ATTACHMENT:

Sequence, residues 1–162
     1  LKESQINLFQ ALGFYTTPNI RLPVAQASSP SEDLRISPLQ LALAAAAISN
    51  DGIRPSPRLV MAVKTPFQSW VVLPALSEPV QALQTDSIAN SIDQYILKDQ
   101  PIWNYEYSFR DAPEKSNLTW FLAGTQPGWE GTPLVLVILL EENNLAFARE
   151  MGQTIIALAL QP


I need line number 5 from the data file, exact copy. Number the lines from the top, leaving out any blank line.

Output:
   151  MGQTIIALAL QP